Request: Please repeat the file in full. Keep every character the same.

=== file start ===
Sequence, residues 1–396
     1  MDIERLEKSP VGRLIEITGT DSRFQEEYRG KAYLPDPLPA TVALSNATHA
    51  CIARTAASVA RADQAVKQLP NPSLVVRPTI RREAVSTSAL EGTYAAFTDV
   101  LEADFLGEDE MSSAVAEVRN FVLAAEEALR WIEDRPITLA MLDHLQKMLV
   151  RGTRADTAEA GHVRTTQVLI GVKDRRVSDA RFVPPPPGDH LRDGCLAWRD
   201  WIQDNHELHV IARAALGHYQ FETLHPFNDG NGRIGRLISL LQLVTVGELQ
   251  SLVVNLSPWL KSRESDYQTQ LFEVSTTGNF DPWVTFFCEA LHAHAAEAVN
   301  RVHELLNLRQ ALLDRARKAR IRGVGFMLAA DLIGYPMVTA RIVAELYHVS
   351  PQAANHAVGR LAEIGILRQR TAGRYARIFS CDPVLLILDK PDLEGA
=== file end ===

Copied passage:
Sequence, residues 1–396
     1  MDIERLEKSP VGRLIEITGT DSRFQEEYRG KAYLPDPLPA TVALSNATHA
    51  CIARTAASVA RADQAVKQLP NPSLVVRPTI RREAVSTSAL EGTYAAFTDV
   101  LEADFLGEDE MSSAVAEVRN FVLAAEEALR WIEDRPITLA MLDHLQKMLV
   151  RGTRADTAEA GHVRTTQVLI GVKDRRVSDA RFVPPPPGDH LRDGCLAWRD
   201  WIQDNHELHV IARAALGHYQ FETLHPFNDG NGRIGRLISL LQLVTVGELQ
   251  SLVVNLSPWL KSRESDYQTQ LFEVSTTGNF DPWVTFFCEA LHAHAAEAVN
   301  RVHELLNLRQ ALLDRARKAR IRGVGFMLAA DLIGYPMVTA RIVAELYHVS
   351  PQAANHAVGR LAEIGILRQR TAGRYARIFS CDPVLLILDK PDLEGA